IPM and Biological Control of Meloidogyne chitwoodi and the Colorado Potato Beetle

Project Overview

GW06-021
Project Type: Graduate Student
Funds awarded in 2006: $10,000.00
Projected End Date: 12/31/2008
Grant Recipient: Washington State University
Region: Western
State: Washington
Graduate Student:
Major Professor:
Ekaterini Riga
Washington State University

Annual Reports

Commodities

  • Agronomic: potatoes
  • Vegetables: tomatoes

Practices

  • Crop Production: application rate management, biological inoculants, cover crops, intercropping
  • Education and Training: demonstration, display, extension, farmer to farmer, networking
  • Farm Business Management: agricultural finance, budgets/cost and returns
  • Pest Management: allelopathy, biological control, competition, cultural control, integrated pest management, trap crops, traps
  • Soil Management: green manures, organic matter

    Abstract:

    A 2 x 3 multifactorial experiment was used to test the following hypotheses: 1) determine whether mustard seed meal of Brassica carinata can decrease M. chitwoodi populations, 2) determine whether mustard meal amendment has a negative effect on entomopathogenic neamtodes (EPN) infectivity of Colorado potato beetle (CPB) and EPN suppression of M. chitwoodi, and 3) determine if S. feltiae or S. riobrave can infect 4th instar CPB larvae and cause mortality. 

    In summary, one of two species (S. feltiae) of EPN were effective at reducing M .chitwoodi infection of tubers and simulataneously infecting the CPB.

    Introduction

    Description of the Problem:
    There are two pests of potato, Solanum tuberosum, in the pacific Northwest, the Colorado potato beetle (CPB) Leptinotarsa decemlineata (Say) (Coleoptera: Chrysomelidae) and Meloidogyne chitwoodi Golden et al., commonly called the Columbia root knot nematode (RKN) that are of economic importance in Washington State potato production.  Above ground, the CPB can completely defoliate potato plants in 1-2 generations (Hare et al, 1980), with most extensive damage caused by the larval stages of the beetle. Due to the risk of crop loss conventional potato growers rely on “calendar sprays” of broad-spectrum pesticides as frequently as every 10 days for CPB control, making potatoes amongst the most intensively sprayed crops in the region.   Below ground, potato tubers are attacked by the plant parasitic nematode RKN, a prevalent problem for Washington state potato growers; this nematode species can have at least 5 generations within one growing season.  The use of insecticides against CPB and fumigants against RKN deplete above ground and below ground diversity, as well as increase the risks of toxic runoff into groundwater. Luckily, the lifecycle of CPB involves an underground stage which is found in the same soil habitat as RKN, i.e. near the potato rhizosphere during the growing season, making them ideal targets for using one or two biological control methods to simultaneously target both two pests.  Mustard seed meal and entomopathogenic nematodes (EPN) have shown biocontrol potential against both the nematode and the beetle on potato.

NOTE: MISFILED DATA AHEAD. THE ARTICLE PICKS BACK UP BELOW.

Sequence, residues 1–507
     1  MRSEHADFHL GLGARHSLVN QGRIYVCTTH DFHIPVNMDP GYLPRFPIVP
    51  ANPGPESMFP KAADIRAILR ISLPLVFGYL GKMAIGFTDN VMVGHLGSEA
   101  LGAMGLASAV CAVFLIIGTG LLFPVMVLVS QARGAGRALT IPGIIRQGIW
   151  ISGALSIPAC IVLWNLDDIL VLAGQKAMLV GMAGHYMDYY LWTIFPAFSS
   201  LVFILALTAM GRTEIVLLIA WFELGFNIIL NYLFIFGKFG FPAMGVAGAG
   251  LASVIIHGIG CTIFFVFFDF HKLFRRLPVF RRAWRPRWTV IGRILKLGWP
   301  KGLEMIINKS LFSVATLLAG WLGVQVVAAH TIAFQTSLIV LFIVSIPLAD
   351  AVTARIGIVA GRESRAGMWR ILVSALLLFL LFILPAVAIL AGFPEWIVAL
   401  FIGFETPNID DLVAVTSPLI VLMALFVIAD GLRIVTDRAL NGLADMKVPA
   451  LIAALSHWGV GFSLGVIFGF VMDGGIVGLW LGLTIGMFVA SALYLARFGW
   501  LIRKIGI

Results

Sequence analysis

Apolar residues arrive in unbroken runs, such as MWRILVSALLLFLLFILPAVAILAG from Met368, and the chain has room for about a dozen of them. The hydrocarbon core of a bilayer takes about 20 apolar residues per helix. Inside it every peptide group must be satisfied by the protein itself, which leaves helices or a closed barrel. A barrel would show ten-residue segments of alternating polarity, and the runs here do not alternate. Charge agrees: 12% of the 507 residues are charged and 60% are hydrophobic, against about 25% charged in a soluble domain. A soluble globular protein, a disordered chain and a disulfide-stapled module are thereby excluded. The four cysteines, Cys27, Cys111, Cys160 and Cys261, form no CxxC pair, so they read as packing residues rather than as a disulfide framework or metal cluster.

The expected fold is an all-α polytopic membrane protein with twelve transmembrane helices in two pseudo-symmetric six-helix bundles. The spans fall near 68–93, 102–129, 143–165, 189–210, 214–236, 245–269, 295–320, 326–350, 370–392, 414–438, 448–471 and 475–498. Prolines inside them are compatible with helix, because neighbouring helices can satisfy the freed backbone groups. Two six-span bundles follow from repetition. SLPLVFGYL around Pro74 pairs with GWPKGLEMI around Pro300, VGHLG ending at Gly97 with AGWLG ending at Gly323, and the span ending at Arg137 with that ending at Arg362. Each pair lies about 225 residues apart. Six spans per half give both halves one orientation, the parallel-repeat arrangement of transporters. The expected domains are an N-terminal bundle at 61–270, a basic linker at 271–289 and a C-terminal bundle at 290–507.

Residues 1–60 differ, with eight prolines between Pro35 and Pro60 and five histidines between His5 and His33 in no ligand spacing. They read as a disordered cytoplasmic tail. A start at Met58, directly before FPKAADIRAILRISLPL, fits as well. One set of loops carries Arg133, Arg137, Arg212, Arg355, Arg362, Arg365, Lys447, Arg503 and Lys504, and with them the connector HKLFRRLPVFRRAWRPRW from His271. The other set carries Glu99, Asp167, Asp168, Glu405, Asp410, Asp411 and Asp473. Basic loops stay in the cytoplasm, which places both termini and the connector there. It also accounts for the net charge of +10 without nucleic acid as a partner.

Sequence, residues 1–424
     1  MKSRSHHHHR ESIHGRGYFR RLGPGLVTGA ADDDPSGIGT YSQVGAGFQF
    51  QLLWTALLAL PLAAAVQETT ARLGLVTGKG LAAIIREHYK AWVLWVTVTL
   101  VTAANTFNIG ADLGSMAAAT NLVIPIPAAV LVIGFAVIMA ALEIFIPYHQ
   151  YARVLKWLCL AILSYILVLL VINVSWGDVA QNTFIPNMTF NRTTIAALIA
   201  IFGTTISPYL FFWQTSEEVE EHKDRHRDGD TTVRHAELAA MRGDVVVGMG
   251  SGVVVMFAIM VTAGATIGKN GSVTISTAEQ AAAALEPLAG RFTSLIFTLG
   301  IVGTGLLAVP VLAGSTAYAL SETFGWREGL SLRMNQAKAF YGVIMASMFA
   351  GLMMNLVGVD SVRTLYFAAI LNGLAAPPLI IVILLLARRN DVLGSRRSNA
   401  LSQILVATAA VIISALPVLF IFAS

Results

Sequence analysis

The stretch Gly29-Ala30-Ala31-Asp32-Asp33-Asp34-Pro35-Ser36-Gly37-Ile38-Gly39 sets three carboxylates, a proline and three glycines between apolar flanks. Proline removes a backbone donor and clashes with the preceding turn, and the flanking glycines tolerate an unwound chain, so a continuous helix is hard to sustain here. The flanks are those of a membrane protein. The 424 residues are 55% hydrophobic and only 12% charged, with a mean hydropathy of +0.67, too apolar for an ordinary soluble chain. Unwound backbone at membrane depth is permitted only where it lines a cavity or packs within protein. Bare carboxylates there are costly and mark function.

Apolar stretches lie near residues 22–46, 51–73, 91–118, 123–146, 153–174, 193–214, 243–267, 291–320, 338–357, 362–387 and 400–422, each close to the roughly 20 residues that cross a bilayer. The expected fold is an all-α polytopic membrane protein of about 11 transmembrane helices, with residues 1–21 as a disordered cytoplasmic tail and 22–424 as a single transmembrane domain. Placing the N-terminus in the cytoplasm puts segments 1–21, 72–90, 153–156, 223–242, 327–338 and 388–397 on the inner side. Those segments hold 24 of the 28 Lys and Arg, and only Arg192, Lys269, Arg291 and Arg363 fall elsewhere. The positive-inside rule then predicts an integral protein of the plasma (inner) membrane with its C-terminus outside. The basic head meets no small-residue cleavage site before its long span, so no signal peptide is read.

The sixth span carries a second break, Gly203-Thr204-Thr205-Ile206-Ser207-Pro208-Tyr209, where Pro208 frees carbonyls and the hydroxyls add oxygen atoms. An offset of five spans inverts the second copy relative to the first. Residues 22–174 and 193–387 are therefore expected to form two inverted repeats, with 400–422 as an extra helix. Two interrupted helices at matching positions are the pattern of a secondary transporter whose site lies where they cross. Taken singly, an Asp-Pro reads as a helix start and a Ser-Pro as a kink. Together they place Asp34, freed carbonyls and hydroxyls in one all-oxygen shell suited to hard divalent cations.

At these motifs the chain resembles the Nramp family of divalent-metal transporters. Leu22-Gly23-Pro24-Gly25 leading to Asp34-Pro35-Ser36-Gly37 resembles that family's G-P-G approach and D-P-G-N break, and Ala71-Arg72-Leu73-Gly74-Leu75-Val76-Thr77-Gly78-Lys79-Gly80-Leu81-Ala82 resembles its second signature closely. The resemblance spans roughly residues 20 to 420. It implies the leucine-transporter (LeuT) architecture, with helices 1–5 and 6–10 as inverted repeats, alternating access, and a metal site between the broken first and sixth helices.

The purpose of this experiment is to find out if mustard seed meal and/or entomopathogenic nematodes will control both the root knot nematode and the beetle and protect the potato tubers.

    Project objectives:

    A 2 x 3 multifactorial experiment was used to test the following hypotheses: 1) determine whether mustard seed meal of Brassica carinata can decrease M. chitwoodi populations, 2) determine whether mustard meal amendment has a negative effect on EPN infectivity of CPB and EPN suppression of M. chitwoodi, and 3) determine if S. feltiae or S. riobrave can infect 4th instar CPB larvae and cause mortality

    Any opinions, findings, conclusions, or recommendations expressed in this publication are those of the author(s) and do not necessarily reflect the view of the U.S. Department of Agriculture or SARE.